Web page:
There is only a week left to see the surreal world of Steampunk at Oxford University's History of Science Museum - an exhibition which has had record visitor numbers.
But as a high proportion of visitors were school pupils, parents and teachers, the exhibition also became the inspiration for a schools' competition entitled Steampunk: The next generation.
The competition was restricted to pupils between the ages of 11 to 14 within the city and surrounding area. Entrants had to design and complete a machine which reflected Steampunk's melding of Victorian technology and modern design.
The response was larger than the organisers anticipated and demonstrated the lively imagination of today's pupils. Using a wide range of materials from leather to ceramic and a variety of found objects they created a range of useful and useless machines, some of them working models.
The panel was composed of Adrian Brooks joint museum education officer, Dr Jim Bennett- director of the Museum of the History of Science, Christopher Parkin- lead education officer from the Museum of the History of Science and Melody Vaughan- Education officer at the Pitt Rivers Museum.
After a difficult decision the judging panel finally decided on a winner and three runners up and the results were announced at an award ceremony on Friday evening.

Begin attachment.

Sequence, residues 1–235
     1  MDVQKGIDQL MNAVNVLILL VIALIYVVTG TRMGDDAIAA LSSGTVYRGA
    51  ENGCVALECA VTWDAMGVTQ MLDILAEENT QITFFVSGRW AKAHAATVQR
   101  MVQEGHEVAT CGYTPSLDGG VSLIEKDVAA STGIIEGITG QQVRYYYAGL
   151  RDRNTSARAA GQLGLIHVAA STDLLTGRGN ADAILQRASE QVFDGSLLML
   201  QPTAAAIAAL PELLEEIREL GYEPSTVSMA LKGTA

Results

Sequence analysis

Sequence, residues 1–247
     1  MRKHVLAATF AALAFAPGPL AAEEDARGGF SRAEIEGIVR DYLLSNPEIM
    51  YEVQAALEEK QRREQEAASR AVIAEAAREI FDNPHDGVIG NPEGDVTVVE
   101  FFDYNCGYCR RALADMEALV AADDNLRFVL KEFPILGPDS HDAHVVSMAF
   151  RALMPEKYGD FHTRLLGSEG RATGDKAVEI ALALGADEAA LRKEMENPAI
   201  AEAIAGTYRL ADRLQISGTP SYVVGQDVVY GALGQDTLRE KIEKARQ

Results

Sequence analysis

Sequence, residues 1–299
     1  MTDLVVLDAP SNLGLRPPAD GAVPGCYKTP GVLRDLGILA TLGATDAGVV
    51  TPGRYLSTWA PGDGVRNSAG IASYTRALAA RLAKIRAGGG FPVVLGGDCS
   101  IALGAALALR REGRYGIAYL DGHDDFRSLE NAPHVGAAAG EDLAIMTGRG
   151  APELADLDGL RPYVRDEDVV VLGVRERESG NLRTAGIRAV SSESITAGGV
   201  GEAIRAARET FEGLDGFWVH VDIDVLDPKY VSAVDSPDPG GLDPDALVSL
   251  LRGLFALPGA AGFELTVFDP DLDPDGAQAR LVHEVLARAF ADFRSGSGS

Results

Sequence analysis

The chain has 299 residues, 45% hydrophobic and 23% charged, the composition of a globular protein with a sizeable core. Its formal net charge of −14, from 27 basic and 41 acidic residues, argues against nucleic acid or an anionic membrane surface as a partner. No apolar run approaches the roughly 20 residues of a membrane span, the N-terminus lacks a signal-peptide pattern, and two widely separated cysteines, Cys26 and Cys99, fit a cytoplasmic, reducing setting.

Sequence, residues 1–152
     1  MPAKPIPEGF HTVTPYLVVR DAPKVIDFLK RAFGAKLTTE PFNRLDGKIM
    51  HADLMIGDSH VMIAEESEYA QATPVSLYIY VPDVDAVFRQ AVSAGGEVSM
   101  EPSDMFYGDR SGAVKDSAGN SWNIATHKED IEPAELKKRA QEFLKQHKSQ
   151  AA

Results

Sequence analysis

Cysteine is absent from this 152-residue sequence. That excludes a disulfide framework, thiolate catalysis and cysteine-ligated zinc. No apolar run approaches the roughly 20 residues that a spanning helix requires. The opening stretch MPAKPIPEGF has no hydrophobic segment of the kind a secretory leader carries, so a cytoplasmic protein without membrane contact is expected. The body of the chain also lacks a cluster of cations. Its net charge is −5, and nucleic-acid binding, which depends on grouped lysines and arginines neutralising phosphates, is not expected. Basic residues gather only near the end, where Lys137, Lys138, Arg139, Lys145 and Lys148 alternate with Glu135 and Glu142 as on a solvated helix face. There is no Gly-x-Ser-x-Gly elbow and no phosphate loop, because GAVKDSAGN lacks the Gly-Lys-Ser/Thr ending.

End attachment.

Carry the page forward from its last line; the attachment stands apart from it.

Joshua Reynolds (yr 9, Magdalen College School) won the first prize of £100 of tokens for the ‘Sat Nav - Albert Albert'. The judging panel said of his design: "Beautifully crafted from brass, polished wood and OS maps in true Steampunk style, it is the indispensable gadget for the Oxfordshire traveller".
The runners up, who each win tokens of £50 are Hovnan Eayrs (yr 7, Leckford Place) for his ‘Time Traveller's Toolbox' which allows the traveller to communicate across time and space by Morse code, Fred Chanter and Tom Holford's (yr 8, Larkmead School) ‘Hadronic Mafipulator', which cunningly incorporates a hand operated electrostatic generator which animates a silver ball, and Isabella Blythe (yr9, Larkmead School) for her ‘Smellomatic 335' which captures delightful smells to trigger memories at will - a must for the dreary days in February.
The panellists were extremely impressed at the standard of the work entered into the competition. Christopher Parkin said: 'We all felt the competition exceeded our expectations both in the quality of the work and the imagination behind the objects.' Adrian Brooks added: 'KS3 school pupils were the ideal age group for this competition, producing ,as they did work that was both funny and wildly imaginative.'
Dr Jim Bennett said: 'The exhibits were a blend of science, art and design, which show an understanding of both the collection of the Museum of the History of Science and the Steampunk aesthetic.'
Prizes were awarded at a private view in the Museum on Friday 12 February. Every entrant received a certificate including a photograph of their work, and work will be on display in the Museum of the History of Science until the 11th April and on the Artefact website (www.museums.ox.ac.uk/artefact).
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